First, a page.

Bain has been in his current role since taking over in the summer of 2016. He said that while the club’s current owner has been “pro-active” in attempting to sell the team in the past, he does not want to pour money into the club beyond what is simply necessary to get by. BBC Sport has reported that Adam Pearson, who formerly owned Hull City, has decided against pursuing an interest in Sunderland.

Bain also said he believes manager Chris Coleman is the right man to lead Sunderland out of the third tier.

Coleman took over for Simon Grayson last November after a disastrous start to the Championship season. The hole into which Sunderland had fallen proved far too deep for him and the team he inherited to dig their way out.

Even so, Bain is not sufficiently discouraged by Coleman’s efforts to be considering a potential replacement. “Chris is fundamentally the right type of individual for this football club and he and I have a massive amount of determination to get this right,” he said.

Foolish spending on player, followed by hardly any spending at all, has left the team struggling to make ends meet. While some squad members may not want to stick around given the latest relegation, Bain is opposed to buying players out simply to get them off the payroll.

“Some of the players that we have probably don’t want to be here, and haven’t wanted to be here for a long time and are consuming vast amounts of the club’s budget,” he said. “When you look at that on a piece of paper without knowing their mental state as I do then you just see liabilities. That’s where I come in and say that I am not paying players off and putting compensation packages together.”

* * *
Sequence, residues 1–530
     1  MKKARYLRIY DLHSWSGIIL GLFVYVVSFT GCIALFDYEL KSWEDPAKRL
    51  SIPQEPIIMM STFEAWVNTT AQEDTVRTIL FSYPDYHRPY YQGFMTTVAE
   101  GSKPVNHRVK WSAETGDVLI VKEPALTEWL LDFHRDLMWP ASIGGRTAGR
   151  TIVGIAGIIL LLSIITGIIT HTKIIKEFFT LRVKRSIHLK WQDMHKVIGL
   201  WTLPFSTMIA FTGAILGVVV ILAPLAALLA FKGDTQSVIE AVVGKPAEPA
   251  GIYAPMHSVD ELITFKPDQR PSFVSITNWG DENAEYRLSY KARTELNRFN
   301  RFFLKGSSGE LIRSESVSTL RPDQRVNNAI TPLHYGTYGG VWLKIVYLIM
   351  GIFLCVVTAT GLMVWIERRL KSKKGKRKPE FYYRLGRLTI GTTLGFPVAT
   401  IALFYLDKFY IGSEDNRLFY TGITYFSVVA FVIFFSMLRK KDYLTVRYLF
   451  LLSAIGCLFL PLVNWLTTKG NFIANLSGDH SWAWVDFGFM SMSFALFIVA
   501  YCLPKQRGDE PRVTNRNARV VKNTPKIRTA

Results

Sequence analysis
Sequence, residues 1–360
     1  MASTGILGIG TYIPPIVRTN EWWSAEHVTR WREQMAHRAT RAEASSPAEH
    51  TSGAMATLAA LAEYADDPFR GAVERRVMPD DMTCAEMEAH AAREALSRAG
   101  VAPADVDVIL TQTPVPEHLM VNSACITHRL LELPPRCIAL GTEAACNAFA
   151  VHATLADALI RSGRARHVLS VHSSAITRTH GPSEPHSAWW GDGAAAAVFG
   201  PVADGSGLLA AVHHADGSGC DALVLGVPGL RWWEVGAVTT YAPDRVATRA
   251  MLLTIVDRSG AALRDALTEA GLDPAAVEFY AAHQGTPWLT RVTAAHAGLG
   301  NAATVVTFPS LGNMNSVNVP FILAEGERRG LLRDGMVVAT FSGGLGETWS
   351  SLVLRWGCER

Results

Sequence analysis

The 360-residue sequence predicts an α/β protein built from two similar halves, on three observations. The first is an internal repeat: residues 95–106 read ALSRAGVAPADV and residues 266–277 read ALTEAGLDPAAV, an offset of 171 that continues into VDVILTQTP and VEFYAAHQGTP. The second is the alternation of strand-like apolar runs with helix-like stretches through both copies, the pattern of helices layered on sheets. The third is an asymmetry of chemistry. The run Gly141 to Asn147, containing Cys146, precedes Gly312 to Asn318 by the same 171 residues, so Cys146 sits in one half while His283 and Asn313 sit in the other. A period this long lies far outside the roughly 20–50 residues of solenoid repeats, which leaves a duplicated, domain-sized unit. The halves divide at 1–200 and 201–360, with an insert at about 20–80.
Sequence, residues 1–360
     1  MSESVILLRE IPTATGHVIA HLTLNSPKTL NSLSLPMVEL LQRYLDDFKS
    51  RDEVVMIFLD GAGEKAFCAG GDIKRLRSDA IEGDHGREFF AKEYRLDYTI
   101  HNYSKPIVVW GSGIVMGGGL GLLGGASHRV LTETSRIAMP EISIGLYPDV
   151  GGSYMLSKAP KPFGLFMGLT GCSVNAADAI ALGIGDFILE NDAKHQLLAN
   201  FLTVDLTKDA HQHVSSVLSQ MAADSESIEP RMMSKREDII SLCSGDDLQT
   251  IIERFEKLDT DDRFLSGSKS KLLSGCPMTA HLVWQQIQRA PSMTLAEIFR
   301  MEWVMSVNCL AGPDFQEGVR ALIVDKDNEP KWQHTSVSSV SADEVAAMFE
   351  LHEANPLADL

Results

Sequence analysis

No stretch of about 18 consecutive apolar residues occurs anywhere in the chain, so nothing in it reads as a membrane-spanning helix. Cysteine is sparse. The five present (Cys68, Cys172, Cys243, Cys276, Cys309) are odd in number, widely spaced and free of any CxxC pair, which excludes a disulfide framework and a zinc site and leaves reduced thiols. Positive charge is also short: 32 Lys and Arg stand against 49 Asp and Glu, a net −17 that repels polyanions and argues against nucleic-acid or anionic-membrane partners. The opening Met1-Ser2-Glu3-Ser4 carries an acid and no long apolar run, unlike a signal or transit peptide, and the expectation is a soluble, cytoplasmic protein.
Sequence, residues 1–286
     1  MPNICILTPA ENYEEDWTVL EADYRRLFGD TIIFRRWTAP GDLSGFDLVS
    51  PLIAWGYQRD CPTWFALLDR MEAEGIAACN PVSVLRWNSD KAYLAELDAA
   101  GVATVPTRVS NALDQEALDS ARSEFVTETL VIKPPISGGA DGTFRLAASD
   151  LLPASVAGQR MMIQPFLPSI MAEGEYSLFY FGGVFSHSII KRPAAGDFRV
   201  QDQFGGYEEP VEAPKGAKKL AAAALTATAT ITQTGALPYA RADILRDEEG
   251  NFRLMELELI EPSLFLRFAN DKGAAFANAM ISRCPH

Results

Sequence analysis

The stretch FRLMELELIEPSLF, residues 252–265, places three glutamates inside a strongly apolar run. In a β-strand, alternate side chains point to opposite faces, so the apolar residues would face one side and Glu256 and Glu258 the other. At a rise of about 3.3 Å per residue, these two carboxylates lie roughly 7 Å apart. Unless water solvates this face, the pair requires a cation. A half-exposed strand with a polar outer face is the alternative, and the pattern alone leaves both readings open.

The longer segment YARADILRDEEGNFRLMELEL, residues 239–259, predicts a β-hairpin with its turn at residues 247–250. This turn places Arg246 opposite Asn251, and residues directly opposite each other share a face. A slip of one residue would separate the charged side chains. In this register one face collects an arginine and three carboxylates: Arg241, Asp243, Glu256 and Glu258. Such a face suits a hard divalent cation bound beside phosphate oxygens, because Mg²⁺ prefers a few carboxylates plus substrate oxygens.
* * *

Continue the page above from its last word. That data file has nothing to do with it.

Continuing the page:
This factor may be among the stumbling blocks for prospective buyers. But Bain remains optimistic that Sunderland can turn things around sooner rather than later if the right owner takes the reins.

* Bain – and OK, he is not the bane of our lives, just one of them – also spoke of his efforts to identify players who might be available at the end of the season and continuing takeover interest from unnamed others. There’s also his unconvincing rationale for selling Vito

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4 thoughts on “The bane of our lives on ‘making Sunderland great again’”

  1. At this time supporters are looking to blame anyone they can in a desperate attempt to explain the current plight of the club. At the risk of repeating myself ad nauseum, there were, to my way of thinking, two defining moments which were the catalyst for this dreadful situation.

    The first when Short decided to dispense with the input of Niall Quinn, took on the Chairmanship himself and put his faith in a load of charlatans, who ended up lumbering the club with unwanted players on stupid contracts.